Mount Bulusan

Mount Bulusan, or Bulusan Volcano, is the southernmost volcano on Luzon Island in the Republic of the Philippines. It is situated in the province of Sorsogon in the Bicol region, 70 km (43 mi) southeast of Mayon Volcano and approximately 600 km (370 mi) southeast of the Philippine capital of Manila.

Bulusan Volcano
Mount Bulusan
A dormant Mt. Bulusan.jpg
Bulusan volcano seen here from the west
Highest point
Elevation1,565 m (5,135 ft) [1]
Prominence1,547 m (5,075 ft) [2][3]
Coordinates12°46′12″N 124°03′00″E / 12.77000°N 124.05000°E / 12.77000; 124.05000Coordinates: 12°46′12″N 124°03′00″E / 12.77000°N 124.05000°E / 12.77000; 124.05000[1]
Bulusan Volcano is located in Luzon
Bulusan Volcano
Bulusan Volcano
Bulusan Volcano is located in Philippines
Bulusan Volcano
Bulusan Volcano
RegionBicol Region
Mountain typeStratovolcano
Last eruptionDecember 2016

It is one of the active volcanoes in the Philippines.

Physical featuresEdit

Bulusan is classified by volcanologists as a stratovolcano (or a composite cone) and covers the northeast rim of Irosin caldera that was formed about 40,000 years ago. It has a peak elevation of 1,565 m (5,135 ft) above sea level with a base diameter of 15 km (9.3 mi).

Located around the mountain are four craters and four hot springs. The first crater, called Blackbird Lake, is 20 m (66 ft) in diameter and 15 m (49 ft) deep. The second crater is oval, with dimensions of 60 by 30 m (197 by 98 ft) and 15 m (49 ft). The third crater is about 90 m (300 ft) in diameter and 20 m (66 ft) deep, while the fourth, which is near the northeastern rim opened during the 1981 eruption. There is also a 100-metre (330 ft) fissure measuring 5 to 8 m (16 to 26 ft) wide below this crater.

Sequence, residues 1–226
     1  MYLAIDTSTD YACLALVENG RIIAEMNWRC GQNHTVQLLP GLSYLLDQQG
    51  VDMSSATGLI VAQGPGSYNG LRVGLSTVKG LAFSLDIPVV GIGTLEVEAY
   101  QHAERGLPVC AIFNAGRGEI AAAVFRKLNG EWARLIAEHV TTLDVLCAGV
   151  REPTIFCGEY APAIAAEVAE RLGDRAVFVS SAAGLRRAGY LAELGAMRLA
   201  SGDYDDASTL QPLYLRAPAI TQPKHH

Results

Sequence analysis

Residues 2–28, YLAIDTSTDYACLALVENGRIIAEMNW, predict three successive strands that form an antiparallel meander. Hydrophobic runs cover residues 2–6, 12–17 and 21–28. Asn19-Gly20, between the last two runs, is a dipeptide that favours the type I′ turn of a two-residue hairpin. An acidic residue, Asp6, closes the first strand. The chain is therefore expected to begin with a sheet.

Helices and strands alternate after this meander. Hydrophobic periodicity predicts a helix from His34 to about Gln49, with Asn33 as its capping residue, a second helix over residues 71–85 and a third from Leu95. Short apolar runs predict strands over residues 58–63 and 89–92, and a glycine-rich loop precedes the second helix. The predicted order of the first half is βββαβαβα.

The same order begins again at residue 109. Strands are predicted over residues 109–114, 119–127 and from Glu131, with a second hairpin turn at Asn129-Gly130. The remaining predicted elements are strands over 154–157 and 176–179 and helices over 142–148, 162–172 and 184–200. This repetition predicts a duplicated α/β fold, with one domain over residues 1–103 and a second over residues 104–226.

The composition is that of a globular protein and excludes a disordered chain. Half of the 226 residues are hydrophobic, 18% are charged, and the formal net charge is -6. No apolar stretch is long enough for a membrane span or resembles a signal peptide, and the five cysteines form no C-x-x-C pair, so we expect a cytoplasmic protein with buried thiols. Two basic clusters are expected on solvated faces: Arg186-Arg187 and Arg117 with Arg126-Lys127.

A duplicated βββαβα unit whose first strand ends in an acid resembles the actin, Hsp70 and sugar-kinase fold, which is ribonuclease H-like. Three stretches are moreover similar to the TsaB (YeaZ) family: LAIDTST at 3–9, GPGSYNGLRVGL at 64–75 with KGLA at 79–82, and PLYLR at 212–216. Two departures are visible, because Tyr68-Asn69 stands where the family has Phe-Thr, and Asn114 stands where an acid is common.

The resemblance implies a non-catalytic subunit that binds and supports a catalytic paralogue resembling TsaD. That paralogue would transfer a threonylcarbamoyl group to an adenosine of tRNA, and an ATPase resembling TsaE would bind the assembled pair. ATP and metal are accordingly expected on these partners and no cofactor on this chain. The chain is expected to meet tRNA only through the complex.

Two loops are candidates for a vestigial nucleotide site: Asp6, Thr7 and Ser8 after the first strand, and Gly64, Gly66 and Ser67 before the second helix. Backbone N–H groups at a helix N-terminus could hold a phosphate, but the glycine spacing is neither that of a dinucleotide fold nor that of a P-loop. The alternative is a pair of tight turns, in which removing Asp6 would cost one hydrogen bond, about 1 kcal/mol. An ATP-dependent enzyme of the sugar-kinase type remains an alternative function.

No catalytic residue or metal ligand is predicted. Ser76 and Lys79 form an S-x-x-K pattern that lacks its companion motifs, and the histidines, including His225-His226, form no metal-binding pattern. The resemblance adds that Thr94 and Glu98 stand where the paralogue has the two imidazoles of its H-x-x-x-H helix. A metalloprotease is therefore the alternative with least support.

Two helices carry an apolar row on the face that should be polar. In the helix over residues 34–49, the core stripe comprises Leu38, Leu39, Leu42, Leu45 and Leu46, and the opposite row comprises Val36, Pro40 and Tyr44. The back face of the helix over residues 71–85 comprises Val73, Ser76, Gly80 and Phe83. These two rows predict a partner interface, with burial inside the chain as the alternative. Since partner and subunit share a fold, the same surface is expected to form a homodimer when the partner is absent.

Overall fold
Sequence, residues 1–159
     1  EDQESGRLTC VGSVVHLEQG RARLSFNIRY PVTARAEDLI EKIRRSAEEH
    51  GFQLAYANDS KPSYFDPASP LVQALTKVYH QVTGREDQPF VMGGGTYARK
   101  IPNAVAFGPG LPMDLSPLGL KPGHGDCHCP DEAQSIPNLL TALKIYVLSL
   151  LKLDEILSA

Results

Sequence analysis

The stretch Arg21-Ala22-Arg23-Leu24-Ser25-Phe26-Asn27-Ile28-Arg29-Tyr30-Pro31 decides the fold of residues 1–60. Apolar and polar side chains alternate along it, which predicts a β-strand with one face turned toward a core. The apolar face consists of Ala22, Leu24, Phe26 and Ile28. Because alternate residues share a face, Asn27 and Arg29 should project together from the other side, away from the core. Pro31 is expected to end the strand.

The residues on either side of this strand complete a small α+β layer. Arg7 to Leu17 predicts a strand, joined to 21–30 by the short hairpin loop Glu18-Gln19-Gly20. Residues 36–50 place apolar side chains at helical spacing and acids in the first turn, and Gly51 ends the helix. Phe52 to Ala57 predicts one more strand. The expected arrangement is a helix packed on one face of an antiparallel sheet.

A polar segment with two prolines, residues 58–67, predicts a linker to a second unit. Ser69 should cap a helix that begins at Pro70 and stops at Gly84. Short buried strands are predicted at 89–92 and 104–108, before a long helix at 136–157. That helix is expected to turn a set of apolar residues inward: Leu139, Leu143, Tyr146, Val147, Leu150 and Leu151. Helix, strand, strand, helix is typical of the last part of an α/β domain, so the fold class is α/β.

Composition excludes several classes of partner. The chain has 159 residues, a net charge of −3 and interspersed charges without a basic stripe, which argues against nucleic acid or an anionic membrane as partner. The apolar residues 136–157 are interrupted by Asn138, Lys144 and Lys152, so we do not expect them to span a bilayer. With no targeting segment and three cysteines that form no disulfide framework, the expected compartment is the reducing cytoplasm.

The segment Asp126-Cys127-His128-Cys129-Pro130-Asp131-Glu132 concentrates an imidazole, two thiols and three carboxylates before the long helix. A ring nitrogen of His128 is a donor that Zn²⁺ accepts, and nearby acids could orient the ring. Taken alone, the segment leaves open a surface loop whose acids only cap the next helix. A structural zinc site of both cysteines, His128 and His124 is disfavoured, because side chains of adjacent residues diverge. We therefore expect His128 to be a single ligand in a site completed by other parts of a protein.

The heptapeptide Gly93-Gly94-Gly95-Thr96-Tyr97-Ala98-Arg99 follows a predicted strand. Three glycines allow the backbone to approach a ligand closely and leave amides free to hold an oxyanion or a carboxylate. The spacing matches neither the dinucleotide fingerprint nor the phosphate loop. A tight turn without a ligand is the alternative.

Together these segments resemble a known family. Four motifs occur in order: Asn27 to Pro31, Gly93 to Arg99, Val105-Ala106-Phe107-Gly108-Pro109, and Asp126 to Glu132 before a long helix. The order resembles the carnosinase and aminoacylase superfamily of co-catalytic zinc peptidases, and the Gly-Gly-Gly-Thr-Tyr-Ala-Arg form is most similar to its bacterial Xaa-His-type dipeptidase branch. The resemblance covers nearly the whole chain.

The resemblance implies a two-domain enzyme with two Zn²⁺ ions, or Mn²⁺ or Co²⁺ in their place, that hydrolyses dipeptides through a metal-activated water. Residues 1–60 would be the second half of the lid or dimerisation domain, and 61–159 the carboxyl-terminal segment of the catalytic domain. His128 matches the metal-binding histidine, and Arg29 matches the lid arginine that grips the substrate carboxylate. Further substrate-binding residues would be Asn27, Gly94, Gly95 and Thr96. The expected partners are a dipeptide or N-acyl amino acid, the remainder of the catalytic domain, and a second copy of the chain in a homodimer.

Its hot springs are San Benon Springs, Mapaso Springs, San Vicente Springs, Masacrot Springs.

Its adjacent volcanic edifices are Mt. Homahan, Mt. Binitacan, Mt. Batuan, Mt. Calungalan, Mt. Calaunan, Mt. Tabon-Tabon, Mt. Juban, and Mt. Jormajan.


Bulusan is generally known for its sudden steam-driven or phreatic explosions. It has erupted 15 times since 1885 and is considered as the 4th most active volcano in the Philippines after Mayon, Taal, and Kanlaon.

Evacuation proceduresEdit

There are evacuation procedures in place for parts of the peninsula; the farms nearest the volcano are to be evacuated, and many of the village schools will be closed if it is considered possible that a more destructive eruption could occur.

Recent activitiesEdit

March - June 2006Edit

The Philippine Institute of Volcanology and Seismology (PHIVOLCS) declared Alert Level 1 on March 19, 2006 after it recorded increased seismic unrest. On June 8, 2006, volcanologists raised the Alert Level to 2 (moderate level of seismic unrest) after it spewed ash. On June 9, the resulting ash cloud damaged a number of houses in the nearby town of Casiguran, 5 kilometers (3.1 mi) north of the volcano, and reached Sorsogon City, about 20 kilometers (12 mi) north of Bulusan.